One of the things I’ve done more of since ‘retiring’ is to write. Of course, I’ve been writing for as long as I can remember. But I guess I never really wrote “for myself” before, not much anyway. Most of my writing as a professor involved community research reports, course syllabi, and caustic memoranda to recalcitrant and imperious administrators – deans, provosts, et al. – along with some papers presented at professional meetings, and the occasional book review.
I didn’t much play the “publish or perish” game beyond what was necessary to get tenure. I figured the purpose of tenure was to be able to talk back to megalomaniacal executives and still keep your job. Eventually, I became (in)famous on campus for my caustic memos. It was fun and sometimes quite effective.
Writing for What?
For thirty-five years, I taught mostly adult undergraduate and graduate students many of whom also worked full time, on the most ethnically diverse campus in the nation. All the while, I was writing books in my head, not necessarily on the topics I was teaching. It is not that the so-called “teaching load” kept me from writing those books outside my head. But the teaching component of my professorship had an open-ended supply of matters to deal with.
If I were indifferent to the plight of poorly prepared students struggling to succeed in college, it would have been easy to take the time to write more. However, if you take teaching seriously, there is no limit to the time you can put into it. To teach working adult university students who come from some of the “most dangerous neighborhoods in the nation” – Compton, Watts, and South Central L.A – was a challenge in itself. The Los Angeles Unified School District did not exactly prepare well the people who became our students, for university level performance.
At the same time, many students’ main goal was to “get that piece of paper” so they could get a promotion or a better job. Critical thinking, computer literacy, writing well, and sociological theory or research, were not at the forefront of their minds. Nevertheless, many had high ambitions and were quite smart. The tragedy was that they had been dealt a bad hand by their primary and secondary “education” institutions. The skills of many fell way below their intellectual talents. I found that quite upsetting and worked long hours with those who understood the depth of their own “remedial” needs. Some, of course, had both the intellect, skills and motivation, like Derrick, Darby, and a few others who have now gone on to complete their PhDs at major universities.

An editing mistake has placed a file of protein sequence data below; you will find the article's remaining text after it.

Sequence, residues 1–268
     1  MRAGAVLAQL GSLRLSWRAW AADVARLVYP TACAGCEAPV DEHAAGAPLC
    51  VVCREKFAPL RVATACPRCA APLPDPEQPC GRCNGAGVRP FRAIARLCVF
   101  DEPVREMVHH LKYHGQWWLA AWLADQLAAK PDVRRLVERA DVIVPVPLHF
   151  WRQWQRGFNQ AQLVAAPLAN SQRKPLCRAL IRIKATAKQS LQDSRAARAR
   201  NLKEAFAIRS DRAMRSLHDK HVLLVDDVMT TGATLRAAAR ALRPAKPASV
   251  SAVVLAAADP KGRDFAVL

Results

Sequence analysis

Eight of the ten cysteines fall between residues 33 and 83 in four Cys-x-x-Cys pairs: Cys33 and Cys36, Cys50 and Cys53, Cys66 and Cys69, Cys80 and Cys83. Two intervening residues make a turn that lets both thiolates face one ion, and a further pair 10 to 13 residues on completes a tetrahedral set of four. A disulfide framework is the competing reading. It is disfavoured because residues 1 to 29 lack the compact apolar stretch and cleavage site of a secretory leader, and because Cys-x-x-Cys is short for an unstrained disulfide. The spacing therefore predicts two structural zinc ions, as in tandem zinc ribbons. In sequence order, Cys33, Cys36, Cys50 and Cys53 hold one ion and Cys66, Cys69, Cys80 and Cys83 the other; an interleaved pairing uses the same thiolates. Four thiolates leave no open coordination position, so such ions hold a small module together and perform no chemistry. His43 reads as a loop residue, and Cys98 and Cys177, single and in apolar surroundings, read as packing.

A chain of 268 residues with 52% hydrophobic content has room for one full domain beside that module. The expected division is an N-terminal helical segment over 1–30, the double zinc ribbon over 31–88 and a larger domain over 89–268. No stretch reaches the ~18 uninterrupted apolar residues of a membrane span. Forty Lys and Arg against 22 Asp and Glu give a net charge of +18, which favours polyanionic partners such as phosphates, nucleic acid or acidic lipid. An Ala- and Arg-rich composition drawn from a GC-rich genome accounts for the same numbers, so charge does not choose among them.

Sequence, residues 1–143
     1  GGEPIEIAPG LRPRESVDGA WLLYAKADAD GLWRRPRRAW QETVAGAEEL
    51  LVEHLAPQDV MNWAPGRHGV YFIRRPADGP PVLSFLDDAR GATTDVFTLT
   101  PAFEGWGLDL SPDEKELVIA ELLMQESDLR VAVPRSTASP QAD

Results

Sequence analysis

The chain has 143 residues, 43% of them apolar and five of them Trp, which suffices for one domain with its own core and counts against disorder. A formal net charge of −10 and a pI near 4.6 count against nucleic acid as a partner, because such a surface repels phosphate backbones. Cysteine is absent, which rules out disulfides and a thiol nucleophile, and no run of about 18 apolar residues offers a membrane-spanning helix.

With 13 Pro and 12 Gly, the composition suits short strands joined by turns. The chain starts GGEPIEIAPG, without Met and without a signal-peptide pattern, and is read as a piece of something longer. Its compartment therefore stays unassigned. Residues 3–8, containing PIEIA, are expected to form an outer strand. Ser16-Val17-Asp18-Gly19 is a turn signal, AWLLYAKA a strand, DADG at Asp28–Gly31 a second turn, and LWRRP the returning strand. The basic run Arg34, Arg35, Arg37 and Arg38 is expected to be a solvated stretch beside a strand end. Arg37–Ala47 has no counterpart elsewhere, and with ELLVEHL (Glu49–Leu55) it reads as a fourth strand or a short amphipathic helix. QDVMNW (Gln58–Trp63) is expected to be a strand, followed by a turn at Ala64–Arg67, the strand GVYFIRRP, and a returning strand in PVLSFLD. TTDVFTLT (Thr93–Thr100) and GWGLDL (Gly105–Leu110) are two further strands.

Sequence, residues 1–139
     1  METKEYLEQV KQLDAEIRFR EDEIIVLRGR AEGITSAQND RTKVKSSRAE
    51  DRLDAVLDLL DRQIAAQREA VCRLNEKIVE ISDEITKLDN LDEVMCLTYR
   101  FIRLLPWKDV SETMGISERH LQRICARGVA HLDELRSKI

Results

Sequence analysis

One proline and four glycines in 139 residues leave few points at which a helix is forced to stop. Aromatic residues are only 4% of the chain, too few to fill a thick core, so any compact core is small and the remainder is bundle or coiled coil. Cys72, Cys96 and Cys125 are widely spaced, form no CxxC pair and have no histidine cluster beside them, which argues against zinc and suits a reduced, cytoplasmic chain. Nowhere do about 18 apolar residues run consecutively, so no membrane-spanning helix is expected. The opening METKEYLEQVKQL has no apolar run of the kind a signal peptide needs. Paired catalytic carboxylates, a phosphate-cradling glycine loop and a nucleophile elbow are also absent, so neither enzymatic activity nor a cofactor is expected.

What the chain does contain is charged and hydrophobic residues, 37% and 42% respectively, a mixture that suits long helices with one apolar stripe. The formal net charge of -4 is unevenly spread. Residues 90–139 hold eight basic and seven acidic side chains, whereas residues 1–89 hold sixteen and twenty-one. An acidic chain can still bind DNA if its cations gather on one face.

Writing My Mind
I’ve almost completed one of those long-deferred books now. “At the Edge of Illusion,” I call it. The subtitle is “Preparing for the New Great Transformation,” since it addresses the multiple converging crises of economic instability, ecological degradation, and climate chaos humanity now faces and so many deny. These converging crises are forcing the living Earth systems we live in to destabilize. The world has begun to go through a great new transformation as a result, yet humans have hardly noticed. We are wildly unprepared. To deal with it we are going to have to transform our relations with the planet and each other in ways not previously imagined.
Actually, I began working on preliminary essays leading to the book by writing some free flowing essays on related topics in this blog, TheHopefulRealist.com as they came to mind over the past few years. I also enjoyed writing some of the “Learn More” articles and a blog called “Diary of a Mad Jubilado,” for A Parallel World, and exiting new site that provided information to environmentally conscious consumers on local sources for low carbon-impact products. Unfortunately, that site was taken down by unknown bots and trolls; after all, it threatened the progress of the fossil-fueled industrial—consumer leviathan.
A book I initially called The Social Illusion has been in my head, in ever-changing form, for a long time. Today, almost ready to submit to publishers, it is quite different though, because the world is so very different. After ten years of research for the book, my view of things has changed a lot too.
At the Edge of Illusion
The trajectory of humanity has reached a crossroads. Humans are now confronted with the absolute necessity to take massive collective action to halt and reverse the damage we have caused “in our own nest.” If we do not take such action to stabilize the complex living Earth systems we have so long ignored except to exploit them, we are likely to become involuntary participants in the “sixth great extinction” now underway.
Unfortunately, a vast complex array of social illusions prevents or delays the most important actions needed to allow the survival of humans on the only planet we have. It becomes increasingly paramount to write one’s mind about the world we live in and the social and ecological illusions we retain at our peril.
In the coming months I will post some excerpts from At the Edge of Illusion on this site, and report progress on its publication and related events.